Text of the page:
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  1. thedaffodils's Avatar
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    #1

    Smile alleviate vs. mitigate

    Hello! Could anyone tell me what the difference between "alleviate" and "mitigate" is ? I have looked them up by Cambridge Dictionaries Online and fail to distinguish them clearly.



    alleviate
    verb [T] FORMAL
    to make something bad such as pain or problems less severe:
    The drugs did nothing to alleviate her pain/suffering.
    Cambridge Dictionaries Online - Cambridge University Press

    mitigate
    verb [T] FORMAL
    to make something less harmful, unpleasant or bad:

    It is unclear how to mitigate the effects of tourism on the island.
    Cambridge Dictionaries Online - Cambridge University Press


    I look forward to your help. Thanks in advance!


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    #2

    Re: alleviate vs. mitigate

    They are very nearly synonymous, though alleviate is more generally used in relation to physical pain, and implies that the pain is made more bearable, is lessened. Mitigate is more nearly to soften the effect of something, or to make it less harsh.

  2. thedaffodils's Avatar
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    #3

    Smile Re: alleviate vs. mitigate

    Good evening, Anglika. Thank you for your help! I see now.


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    #4

    Re: alleviate vs. mitigate

    'to alleviate' is to make something easier to endure (e.g. alleviate the pain following surgery)


    'to mitigate' ( Latin ='soften' ) means to lessen in force or intensity
    When someone is found guilty of a crime, there may be 'mitigating circumstances'. This means that there were circumstances surrounding the actual committing of the crime which are taken into account and so 'soften' the harshness of the penalty, reduce the sentence e.g. I kill a man. But the court is told he had just killed my chld. As far as the law is concerned, I had no right to take the law into my own hands and retaliate. I am guilty of homicide. But as opposed to being a cold-blooded murderer, the intensity of anger towards the man for what he had done is a mitigating factor when deciding the punishment to be handed out by the court.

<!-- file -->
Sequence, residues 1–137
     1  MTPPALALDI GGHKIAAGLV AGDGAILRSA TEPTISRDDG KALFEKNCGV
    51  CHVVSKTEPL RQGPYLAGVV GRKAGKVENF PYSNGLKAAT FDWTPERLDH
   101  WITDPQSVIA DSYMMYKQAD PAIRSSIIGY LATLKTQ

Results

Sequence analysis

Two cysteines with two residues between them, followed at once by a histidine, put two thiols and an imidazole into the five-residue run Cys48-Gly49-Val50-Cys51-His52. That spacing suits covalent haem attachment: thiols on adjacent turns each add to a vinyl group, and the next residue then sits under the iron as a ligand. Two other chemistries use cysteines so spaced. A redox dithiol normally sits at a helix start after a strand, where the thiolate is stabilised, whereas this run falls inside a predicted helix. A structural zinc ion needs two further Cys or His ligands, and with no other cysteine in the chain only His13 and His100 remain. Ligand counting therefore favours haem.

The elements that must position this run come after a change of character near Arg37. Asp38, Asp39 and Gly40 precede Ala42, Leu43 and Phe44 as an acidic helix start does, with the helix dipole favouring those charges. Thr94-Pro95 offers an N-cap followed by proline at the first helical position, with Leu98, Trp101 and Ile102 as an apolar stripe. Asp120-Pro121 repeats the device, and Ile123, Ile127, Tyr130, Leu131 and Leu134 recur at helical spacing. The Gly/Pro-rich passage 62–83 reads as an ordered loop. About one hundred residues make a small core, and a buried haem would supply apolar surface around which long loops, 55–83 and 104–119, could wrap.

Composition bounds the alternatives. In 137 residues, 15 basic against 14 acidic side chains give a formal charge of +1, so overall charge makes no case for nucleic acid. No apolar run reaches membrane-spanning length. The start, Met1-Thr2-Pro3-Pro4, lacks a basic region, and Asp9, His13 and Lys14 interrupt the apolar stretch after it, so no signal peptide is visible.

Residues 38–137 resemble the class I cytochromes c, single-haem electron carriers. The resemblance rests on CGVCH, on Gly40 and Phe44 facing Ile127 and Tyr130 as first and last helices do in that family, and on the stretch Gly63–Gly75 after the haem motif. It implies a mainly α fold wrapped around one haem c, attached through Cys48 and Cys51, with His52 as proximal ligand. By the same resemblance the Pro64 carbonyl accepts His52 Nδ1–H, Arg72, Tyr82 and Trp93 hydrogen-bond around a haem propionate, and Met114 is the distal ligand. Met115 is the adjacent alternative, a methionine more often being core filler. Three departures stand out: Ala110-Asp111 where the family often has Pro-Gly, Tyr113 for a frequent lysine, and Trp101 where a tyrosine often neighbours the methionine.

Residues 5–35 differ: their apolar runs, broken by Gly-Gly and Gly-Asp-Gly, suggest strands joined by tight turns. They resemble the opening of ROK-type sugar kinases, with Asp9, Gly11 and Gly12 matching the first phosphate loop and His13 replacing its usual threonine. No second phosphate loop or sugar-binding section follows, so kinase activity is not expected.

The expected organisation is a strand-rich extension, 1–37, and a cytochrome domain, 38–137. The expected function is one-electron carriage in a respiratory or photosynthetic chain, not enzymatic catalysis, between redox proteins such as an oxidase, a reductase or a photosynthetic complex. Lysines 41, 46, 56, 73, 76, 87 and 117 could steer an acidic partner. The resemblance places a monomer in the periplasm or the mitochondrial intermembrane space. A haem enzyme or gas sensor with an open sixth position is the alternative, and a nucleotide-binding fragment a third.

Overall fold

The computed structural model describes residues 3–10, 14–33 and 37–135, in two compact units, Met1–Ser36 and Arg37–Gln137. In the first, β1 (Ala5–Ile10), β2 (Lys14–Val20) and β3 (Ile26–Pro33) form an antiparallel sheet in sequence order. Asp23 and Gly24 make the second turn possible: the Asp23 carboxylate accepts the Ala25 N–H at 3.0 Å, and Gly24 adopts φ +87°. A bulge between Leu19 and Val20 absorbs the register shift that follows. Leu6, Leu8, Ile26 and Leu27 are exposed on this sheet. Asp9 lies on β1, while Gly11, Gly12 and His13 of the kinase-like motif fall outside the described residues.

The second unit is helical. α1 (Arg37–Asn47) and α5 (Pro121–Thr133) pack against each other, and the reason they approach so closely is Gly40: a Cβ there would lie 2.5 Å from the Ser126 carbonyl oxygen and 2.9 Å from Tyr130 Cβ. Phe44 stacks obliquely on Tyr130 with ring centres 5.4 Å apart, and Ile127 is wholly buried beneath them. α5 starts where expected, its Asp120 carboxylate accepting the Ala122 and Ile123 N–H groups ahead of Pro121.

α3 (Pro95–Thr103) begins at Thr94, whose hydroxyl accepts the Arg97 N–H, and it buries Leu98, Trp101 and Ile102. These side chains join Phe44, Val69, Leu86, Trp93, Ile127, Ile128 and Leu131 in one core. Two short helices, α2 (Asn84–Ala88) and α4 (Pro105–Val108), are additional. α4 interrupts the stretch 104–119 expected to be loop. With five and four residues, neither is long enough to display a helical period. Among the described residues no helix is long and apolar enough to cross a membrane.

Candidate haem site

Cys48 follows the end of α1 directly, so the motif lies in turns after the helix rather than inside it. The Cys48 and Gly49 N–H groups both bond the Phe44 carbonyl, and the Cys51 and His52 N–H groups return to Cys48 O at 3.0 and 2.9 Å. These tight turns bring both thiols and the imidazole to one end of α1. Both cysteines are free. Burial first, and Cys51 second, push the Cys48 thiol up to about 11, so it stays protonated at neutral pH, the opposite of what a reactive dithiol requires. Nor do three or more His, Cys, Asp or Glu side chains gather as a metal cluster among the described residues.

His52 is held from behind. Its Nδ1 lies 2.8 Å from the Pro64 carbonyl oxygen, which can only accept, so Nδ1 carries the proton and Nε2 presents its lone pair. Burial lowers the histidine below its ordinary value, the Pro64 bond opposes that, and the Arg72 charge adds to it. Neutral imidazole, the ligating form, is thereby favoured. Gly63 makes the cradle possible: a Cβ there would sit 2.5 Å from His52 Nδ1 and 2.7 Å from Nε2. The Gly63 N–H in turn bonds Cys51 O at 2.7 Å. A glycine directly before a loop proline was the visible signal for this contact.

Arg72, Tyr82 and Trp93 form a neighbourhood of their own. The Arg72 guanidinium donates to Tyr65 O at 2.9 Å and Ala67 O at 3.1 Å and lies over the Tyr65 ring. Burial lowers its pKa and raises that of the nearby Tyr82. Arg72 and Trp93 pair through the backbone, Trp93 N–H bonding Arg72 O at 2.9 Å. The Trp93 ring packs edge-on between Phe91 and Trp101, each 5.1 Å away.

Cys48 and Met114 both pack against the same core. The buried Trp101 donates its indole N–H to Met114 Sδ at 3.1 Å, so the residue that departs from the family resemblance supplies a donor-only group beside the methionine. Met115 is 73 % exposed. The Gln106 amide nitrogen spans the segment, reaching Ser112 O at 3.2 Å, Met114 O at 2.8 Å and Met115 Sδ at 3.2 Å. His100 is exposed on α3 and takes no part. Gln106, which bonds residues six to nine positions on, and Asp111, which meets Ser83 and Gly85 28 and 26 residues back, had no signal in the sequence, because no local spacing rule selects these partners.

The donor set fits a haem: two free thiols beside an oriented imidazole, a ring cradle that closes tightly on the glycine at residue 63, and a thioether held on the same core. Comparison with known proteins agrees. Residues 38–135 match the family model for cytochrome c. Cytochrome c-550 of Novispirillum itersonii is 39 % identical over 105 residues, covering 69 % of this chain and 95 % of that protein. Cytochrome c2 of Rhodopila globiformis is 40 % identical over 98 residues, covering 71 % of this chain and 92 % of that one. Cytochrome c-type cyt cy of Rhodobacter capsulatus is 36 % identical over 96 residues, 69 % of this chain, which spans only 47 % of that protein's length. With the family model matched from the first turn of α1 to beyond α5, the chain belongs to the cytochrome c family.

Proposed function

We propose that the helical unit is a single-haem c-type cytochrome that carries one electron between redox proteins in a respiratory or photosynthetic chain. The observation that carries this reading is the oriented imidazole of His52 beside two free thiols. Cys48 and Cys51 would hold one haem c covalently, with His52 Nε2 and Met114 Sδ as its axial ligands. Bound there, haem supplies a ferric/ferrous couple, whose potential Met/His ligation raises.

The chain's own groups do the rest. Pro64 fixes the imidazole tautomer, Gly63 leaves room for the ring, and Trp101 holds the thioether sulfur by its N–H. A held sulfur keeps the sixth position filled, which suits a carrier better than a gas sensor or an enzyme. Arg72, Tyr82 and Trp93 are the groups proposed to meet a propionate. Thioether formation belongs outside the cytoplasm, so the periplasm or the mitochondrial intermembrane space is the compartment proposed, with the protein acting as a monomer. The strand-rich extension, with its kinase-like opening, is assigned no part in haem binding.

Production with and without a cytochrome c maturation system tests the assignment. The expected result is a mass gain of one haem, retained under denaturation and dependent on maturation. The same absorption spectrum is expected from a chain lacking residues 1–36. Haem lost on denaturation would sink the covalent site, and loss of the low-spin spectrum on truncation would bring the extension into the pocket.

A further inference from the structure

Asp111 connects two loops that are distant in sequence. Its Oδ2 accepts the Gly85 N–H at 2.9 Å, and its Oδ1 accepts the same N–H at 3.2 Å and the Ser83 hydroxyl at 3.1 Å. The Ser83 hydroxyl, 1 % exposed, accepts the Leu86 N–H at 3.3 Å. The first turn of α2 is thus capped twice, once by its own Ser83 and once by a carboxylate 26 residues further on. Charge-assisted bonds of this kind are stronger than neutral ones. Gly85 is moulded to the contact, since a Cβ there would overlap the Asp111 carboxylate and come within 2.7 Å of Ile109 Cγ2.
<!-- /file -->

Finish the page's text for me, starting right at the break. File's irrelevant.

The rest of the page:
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    #5

    Re: alleviate vs. mitigate

    Both words mean 'to make something less severe'.
    The words can be used interchangeably with certain words but strangely, not with others. Example:

    alleviate pain, mitigate pain
    alleviate suffering, mitigate suffering
    alleviate anger/anxiety, mitigate anger/anxiety


    mitigate business losses, mitigate flood, mitigate the effects of global warming
    mitigating factors, mitigating circumstances

    not a teacher

  3. thedaffodils's Avatar
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    #6

    Smile Re: alleviate vs. mitigate

    Hi David L. & Tedtmc,

    Your answers are helpful. Thank you.

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